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 Post subject: i7-2600k @4.6Ghz + GTX580 @1Ghz in radiator case...fanless?
PostPosted: Fri Aug 26, 2011 12:20 pm 
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Joined: Sun Jun 21, 2009 1:06 pm
Posts: 11
Location: Chattanooga
I just wanted to share my newest build - happens to be my first custom watercooling rig.

However, my quest was to get high end performance, but silent.

I already have enough fans in several SuperMicrO server cases that would cause OSHA to demand hearing protection if I left them on all the time!
I've already been down the big heatsink/quiet fan routes and that just wasn't enough ... or maybe is was just a challenge to see if I could make a silent performance rig. :)

So watercooling looked to be in my future, but not with traditional rads that require fans to push/pull and get back to the noise factor.
This led me to researching Zalman external solutions and finally to come across the AlphaCool Cape Cora passive radiators. There are only a few reviews of them online, but each reviewer was amazed at their totally silent, convective performance.

But what case to start with? Most cases still had and needed some airflow through them - resulting in still having fans. Ultimately, any case I got would just be a standing block for the AlphaCools so I decided to make the Cape Cora components rigid which would become my case!

After a couple of months tinkering with drawings, both OO-Draw and then Google Sketchup, I think I had a design that would house my components and yet provide enough convective flow for the radiator cooling.

Then I came to an impass... originally I wanted no moving parts in the box: SSD, fanless coolers on the video card and CPU... but with water, that meant a pump! Pumps have moving parts, moving parts make noise. grrrr :x On top of that, I realized that with the EVGA Hydro Copper2 GTX580, I would theoretically be over the 460W limit of a Seasonic fanless PSU! :cry:

CRAP! it's gonna have moving parts after all!

With really no design modifications, I chose the Seasonic 850W that is fanless at low power (idle) and then only spins the fan as needed under load. And when it is used, its position draws additional air over the memory and mosfets around the CPU. Also, I wanted redundancy in my pumps, so I have two 655's in series to push the water through the CPU, video card and then 24ft of radiator. Normally, the water would run through the AlphaCool radiators in parallel, but I had plugs made to fit in every other T-connector so that every bit of the water actually passes through ALL of the radiators before hitting the reservoir. From the pump, it splits into two paths, one for the CPU and the other for the GPU, then they come back together to feed into the radiator.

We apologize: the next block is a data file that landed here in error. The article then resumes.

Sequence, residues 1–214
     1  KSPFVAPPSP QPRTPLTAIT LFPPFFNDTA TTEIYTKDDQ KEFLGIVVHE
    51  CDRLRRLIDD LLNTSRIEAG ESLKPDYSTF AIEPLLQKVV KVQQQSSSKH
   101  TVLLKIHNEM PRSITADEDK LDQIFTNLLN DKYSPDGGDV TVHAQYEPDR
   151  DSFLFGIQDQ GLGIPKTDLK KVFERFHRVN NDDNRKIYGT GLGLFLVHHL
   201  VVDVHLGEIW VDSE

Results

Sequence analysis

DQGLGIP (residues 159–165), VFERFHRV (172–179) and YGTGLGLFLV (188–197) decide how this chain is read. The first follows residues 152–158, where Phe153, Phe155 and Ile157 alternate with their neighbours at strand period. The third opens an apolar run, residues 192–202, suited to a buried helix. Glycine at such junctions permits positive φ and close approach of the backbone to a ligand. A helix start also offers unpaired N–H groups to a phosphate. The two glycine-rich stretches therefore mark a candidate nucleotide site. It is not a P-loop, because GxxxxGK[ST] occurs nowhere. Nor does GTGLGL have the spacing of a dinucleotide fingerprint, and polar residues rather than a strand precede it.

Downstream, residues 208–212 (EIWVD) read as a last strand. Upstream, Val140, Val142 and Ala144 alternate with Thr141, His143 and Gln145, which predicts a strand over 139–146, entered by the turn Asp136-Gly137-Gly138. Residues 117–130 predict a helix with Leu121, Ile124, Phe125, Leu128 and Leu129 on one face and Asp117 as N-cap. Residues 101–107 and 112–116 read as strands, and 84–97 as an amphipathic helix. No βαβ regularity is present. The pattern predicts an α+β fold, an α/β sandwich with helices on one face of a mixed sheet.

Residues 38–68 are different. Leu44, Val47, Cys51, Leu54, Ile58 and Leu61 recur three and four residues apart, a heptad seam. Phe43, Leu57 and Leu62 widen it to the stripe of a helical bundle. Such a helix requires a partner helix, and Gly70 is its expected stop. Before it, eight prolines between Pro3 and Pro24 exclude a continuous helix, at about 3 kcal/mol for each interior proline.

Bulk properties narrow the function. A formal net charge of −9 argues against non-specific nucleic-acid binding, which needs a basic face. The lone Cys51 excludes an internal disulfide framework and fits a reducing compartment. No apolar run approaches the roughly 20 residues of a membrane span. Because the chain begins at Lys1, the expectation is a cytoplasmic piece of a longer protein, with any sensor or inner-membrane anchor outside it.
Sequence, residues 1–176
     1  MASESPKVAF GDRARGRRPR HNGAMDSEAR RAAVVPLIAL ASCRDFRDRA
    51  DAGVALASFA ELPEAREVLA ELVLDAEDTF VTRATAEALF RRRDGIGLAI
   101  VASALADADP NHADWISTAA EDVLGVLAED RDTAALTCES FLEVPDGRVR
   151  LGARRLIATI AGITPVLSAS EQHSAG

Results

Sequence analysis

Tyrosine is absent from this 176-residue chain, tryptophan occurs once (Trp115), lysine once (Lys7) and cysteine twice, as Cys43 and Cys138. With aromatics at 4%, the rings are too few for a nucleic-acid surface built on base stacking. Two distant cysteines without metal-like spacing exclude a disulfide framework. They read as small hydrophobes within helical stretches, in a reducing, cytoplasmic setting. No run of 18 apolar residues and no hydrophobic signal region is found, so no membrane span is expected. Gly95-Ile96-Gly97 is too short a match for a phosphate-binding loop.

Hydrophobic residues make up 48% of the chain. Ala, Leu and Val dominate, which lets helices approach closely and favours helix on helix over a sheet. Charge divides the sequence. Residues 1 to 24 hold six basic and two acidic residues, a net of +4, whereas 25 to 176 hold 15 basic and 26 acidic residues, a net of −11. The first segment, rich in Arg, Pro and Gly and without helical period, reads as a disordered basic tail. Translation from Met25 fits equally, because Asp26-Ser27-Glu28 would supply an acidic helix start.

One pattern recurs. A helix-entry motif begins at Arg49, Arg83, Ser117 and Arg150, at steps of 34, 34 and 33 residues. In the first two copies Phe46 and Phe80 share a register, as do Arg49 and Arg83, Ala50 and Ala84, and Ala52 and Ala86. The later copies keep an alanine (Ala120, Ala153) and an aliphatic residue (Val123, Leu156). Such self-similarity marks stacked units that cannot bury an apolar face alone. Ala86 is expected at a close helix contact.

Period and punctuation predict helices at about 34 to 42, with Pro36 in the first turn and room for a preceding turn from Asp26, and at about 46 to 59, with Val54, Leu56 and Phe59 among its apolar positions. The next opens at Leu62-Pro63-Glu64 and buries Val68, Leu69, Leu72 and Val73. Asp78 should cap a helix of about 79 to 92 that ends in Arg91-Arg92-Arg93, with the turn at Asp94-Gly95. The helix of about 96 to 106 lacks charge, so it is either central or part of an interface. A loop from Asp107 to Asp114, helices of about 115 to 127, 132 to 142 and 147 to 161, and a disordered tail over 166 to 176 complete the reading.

Finally, upon realizing that I had two pumps, and a fan in the PSU, I decided to go ahead and place a couple of Noctua 140mm fans at the bottom to assist with the convective effort. They are silent at 600rpm and offer enough air bleeding off the sides to fill the channels of the radiators from the bottom of the case to out the top. And to keep the rest of it quiet and fast, I chose an OCZ Vertex3 240Gb SSD.

The two things missing from a standard case would be:
- optical drive, for which I use an external DVD in the rare instance I need one
- more storage space/options, no worries - as I have a 30TB NAS server in the next room.

Ok, so it has performance with the components I've chosen...
- MSI P67A-GD65
- 16Gb GSkill DDR1600
- i7-2600k @ 4.6Ghz (1.385v)
- OCZ 240Gb Vertex3 on 6Gbps channel
- EVGA GTX580 Hydro @ 1.005Ghz (1.38v)
- 2x MCP655 pumps at level 3 (out of 5)
- Seasonic 850W PSU
- 18 channels of AlphaCool Cape Cora passive radiator
- 250ml Balancer reservoir
- EK Supreme waterblock
- EK dual pump top block
- lots of Koolance fittings (including QDs) and tubing and a couple Bitspower fittings
- AC Ryan mesh for top and bottom, heavy duty speaker grill for corners (front corners hold the 'cover' in place, back corners purely aesthetic)
- serveral aluminum channels (legs), angle (corners) and panels (rigidity)
- Also, alot of rubber washers, rivets, felt, sweat and ad-lib design changes :roll:

So how quiet is it? With the fans at their default of 1200rpm, there is a steady slight hiss of alot of air moving - not desired.
At 600rpm, well, lets say that I'm glad for the network activity light, otherwise I don't know it's on. I am seriously talking silent. I have to put my ear to the case (<2in from the top) and know what to listen for to hear a very slight hum of pumps and fans. Imperceptible is how I would quantify it. Only if I ramp up both Prime95 AND Furmark can I get the PSU fan to an audible level (but way less hiss than fans at 1200). Normal operations or even running MilkyWay (multiCPU and GPU) folding do not raise the noise level.